Celebrating 30 years of Freedom In Texas

16. November, 2019

On Saturday, November 16th, 2019, Michaela and Zdeněk Bakala commemorated the most important event of modern Czech and Czechoslovak history- the 30th anniversary of the Velvet Revolution. The Association of American Friends of the Czech Republic in La Grange, Texas hosted the event.

Together with other participants of the event, they first visited the Center for Czech Heritage and Culture in La Grange. The Center hosted exhibits demonstrating the history, language, and culture of Czechs from the Czech Republic, Czechoslovakia, and the Austro-Hungarian Monarchy, who chose Texas as their new home after emigration.

Guests of the celebration in Texas included the Czech Republic Ambassador to the USA Hynek Kmoníček, Texas Honorary Consul of the Czech Republic Brian Vanicek, and Astronaut  Andrew J. Feustel. The ceremony was opened with a presentation of The Association of American Friends of the Czech Republic, followed by a video program depicting the events of 1989 that led to the Velvet Revolution. After the video presentation organizers presented a Civil Society Vision Award to Founder of the Center for Czech Heritage and Culture in La Grange, Ms. Retta Chandler, and another to Bill and Effie Rosene, Founders of the Museum of the Czech Center in Houston.

Astronaut Andrew J. Feustel also attended the celebration.

During the celebration, Michaela Bakala, gave a speech sharing, not only her memories as an 18- year-old student in the November 1989 events, but also her memories of what it was like to grow up in Communist Czechoslovakia before the Velvet Revolution. “Czechoslovakia was, in many ways, a sad country. There was fear, skepticism, and  resignation in the air.  People had no hope for the future. It was so serious- that some even  decided not to bring children into the world.  Today we can’t forget about the people who risked their lives and ended up in prison because they decided to fight against the regime. Many others decided to leave the country seeking freedom, a better life, and the opportunity to study and fulfill their dreams, like my husband.

She stressed that the Velvet Revolution brought not only stability, security, and prosperity, but also the fulfillment of dreams of a free and open society. She also paid homage to Václav Havel:  “We are proud to support the legacy of our first Czech President and dear friend Václav Havel. He was the true hero of our time. He was a gentle but strong man with a great heart and devotion to our country and its people. “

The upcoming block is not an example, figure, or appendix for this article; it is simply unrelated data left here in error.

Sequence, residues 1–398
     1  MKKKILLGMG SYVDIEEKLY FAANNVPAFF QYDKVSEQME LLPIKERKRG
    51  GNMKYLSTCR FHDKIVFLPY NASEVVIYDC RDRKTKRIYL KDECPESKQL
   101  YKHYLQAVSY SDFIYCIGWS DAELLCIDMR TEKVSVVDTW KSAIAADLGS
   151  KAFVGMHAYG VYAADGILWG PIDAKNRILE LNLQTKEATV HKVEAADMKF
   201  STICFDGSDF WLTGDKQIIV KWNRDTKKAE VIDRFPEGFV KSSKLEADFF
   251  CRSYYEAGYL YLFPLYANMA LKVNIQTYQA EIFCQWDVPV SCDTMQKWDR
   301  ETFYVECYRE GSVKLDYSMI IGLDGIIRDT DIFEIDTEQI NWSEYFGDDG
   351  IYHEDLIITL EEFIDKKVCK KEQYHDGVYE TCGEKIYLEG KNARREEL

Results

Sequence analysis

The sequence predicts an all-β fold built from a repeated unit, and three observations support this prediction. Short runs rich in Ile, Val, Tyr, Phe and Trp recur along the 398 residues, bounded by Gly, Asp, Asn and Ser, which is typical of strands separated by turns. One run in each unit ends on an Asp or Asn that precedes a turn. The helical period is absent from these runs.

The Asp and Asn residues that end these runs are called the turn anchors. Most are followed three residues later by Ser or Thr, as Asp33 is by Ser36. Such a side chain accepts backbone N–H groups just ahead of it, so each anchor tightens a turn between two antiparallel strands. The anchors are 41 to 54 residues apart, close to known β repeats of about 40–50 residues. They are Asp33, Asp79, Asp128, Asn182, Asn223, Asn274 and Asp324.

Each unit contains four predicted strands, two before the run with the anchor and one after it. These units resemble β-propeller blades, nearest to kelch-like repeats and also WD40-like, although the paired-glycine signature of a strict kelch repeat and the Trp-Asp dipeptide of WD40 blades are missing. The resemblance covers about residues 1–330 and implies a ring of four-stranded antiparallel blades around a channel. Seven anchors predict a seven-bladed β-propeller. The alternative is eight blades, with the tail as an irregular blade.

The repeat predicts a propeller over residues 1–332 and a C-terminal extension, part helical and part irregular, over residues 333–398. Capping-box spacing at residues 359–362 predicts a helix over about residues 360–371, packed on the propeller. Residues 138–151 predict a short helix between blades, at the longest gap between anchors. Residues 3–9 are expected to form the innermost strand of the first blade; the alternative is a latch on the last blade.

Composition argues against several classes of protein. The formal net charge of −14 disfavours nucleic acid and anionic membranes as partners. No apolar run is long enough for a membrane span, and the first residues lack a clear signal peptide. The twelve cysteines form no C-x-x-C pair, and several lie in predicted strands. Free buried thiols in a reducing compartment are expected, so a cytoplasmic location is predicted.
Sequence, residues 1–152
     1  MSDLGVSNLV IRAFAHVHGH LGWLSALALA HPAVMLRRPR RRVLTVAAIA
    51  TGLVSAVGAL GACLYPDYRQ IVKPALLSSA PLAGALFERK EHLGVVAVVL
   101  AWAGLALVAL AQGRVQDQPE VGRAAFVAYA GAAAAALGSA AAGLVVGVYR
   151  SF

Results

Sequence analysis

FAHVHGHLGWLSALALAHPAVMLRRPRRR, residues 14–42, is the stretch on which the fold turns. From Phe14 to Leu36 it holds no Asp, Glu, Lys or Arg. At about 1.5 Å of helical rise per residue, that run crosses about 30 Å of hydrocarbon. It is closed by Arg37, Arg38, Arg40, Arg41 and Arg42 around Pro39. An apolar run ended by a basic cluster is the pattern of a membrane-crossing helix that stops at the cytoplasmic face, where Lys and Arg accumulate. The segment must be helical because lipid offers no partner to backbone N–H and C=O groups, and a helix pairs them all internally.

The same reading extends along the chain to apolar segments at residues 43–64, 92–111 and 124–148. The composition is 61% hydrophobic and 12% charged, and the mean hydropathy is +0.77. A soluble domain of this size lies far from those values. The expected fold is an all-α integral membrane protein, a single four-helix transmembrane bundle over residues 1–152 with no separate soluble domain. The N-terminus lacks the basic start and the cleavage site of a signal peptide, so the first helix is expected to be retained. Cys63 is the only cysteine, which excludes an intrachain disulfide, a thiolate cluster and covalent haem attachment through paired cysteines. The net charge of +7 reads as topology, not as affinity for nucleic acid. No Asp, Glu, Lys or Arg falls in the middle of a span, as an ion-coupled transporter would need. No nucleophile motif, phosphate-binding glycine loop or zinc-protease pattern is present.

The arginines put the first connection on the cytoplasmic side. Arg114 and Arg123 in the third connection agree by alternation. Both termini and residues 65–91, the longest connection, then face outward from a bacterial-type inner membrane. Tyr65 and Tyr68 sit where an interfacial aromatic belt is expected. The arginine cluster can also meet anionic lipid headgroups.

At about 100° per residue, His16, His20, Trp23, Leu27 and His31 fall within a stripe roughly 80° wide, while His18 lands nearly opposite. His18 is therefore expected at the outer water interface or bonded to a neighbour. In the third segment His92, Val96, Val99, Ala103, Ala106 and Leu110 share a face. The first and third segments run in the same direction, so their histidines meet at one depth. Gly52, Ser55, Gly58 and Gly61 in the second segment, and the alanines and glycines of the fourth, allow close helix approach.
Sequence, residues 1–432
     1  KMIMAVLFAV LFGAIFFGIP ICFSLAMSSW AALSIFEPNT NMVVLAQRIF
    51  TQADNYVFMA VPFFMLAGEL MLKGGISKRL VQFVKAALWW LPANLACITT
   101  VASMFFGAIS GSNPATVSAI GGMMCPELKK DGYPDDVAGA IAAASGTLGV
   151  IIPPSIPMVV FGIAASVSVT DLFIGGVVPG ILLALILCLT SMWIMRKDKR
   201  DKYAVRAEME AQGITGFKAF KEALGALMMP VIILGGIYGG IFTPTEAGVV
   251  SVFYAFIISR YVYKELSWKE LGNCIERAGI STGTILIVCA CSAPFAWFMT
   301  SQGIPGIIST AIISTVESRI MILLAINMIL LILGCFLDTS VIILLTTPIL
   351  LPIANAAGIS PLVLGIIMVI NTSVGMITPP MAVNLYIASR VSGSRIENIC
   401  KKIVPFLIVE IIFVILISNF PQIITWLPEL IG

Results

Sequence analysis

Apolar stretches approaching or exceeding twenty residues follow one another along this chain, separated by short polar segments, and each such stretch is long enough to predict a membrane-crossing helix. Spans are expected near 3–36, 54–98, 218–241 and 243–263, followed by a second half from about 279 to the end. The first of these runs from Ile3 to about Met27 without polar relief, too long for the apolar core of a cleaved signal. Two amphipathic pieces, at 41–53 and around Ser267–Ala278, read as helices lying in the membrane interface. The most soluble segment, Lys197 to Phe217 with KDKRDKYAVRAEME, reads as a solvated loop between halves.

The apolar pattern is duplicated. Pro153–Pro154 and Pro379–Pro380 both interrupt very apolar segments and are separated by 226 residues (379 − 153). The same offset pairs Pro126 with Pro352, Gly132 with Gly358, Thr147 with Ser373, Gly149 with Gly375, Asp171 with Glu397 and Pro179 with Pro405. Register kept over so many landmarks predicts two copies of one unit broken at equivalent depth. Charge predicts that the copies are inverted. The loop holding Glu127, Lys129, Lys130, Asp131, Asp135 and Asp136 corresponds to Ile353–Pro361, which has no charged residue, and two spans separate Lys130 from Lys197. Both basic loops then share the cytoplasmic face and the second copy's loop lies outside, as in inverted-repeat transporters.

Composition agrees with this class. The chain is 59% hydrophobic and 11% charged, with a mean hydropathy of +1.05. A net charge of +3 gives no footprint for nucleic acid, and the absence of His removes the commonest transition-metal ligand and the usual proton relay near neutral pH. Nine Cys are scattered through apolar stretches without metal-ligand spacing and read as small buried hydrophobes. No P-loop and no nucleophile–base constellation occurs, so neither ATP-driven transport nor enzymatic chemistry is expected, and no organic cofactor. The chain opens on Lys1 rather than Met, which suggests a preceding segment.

The Velvet Revolution brought hope, light, color, and fresh winds to the land, bringing together all generations. Noting how life often imitates art, Michaela said, “in 1989, freedom and democracy prevailed over a totalitarian regime based on lies, propaganda, weapons, and fear.  But as in any film – the fight continues. Because even when evil or bad forces are defeated, they hide and prepare their return.”

She concluded with a heartfelt reminder and call to action: “Therefore, we should not be lax and we must stand up to politicians who try to rewrite history and suppress the values that Václav Havel left for us. Values on which the Czech Republic was built. As we celebrate 30 years of Czech democracy, it is essential we never forget that the loss of freedom can occur quickly inconspicuously, but its return is a hard fight. That is why we must remain vigilant and active. We must not allow our society and the world to again divide according to social status, color, fear, or religion.”

 

Michaela Bakala’s Speech in La Grange, Texas, on 16 November 2019

I’m very honored to be here today. I am proud to be able to celebrate this historic moment with all of you here in Texas – people who share a connection to the Czech Republic, Czechoslovakia, and its history. Thank you to Marlene Malek, your Excellence Mr. Kmonicek and the whole team of AFoCR (American Friends of the Czech Republic), and a special thank you to our dear friend Fred Malek, who left us this year.

Fred was an amazing man who dedicated his life and service to the U.S. and yet never forgot his Czech background. He worked hard to keep the relationship between the Czech Republic and the U.S. alive. We will miss him very much. Today it is our job to continue his work. I would also like to welcome and thank my husband, Zdenek, and greet three of our four children – all proud Czech-American citizens. This will be their first time hearing me speak publicly about my experience during the revolution.

This anniversary marks the date of something that will always be dear to my heart. Marlene asked me to share my own personal experience with you. So I will try to do that. I believe that many guests here have their own memories, so perhaps we can compare.

I am what you call in Czech “Husakovo dite” – “Husak’s child”…  Husak was a communist president in the seventies, during which the government raised special incentives to young families to have more babies. It worked for a while, and here we are. So, in 1989, I was an 18-year-old student of an Agricultural University striking in the streets of my hometown, Brno. Why? What made me be part of it? What were we thinking and dreaming about at that time? Let me explain.

Do you like Hollywood movies? I do.  I especially like action-adventure movies with happy endings. The Velvet Revolution could be and is, in fact, one of them. There were the good guys, represented by the United States and the bad guys were from the Soviet territory fighting all over the world, and in reality, the good guys won. The United States helped us in Czechoslovakia dismantle the oppressive communist regime. Freedom and democracy won over a totalitarian regime based on lies, propaganda, and fear. I am very lucky because I live this dream, and I am part of this amazing story. Some people may already forget what it was like to grow up in the grey and communist Czechoslovakia. But my memories are clear, and I will never forget that it was not easy, and it was not fun.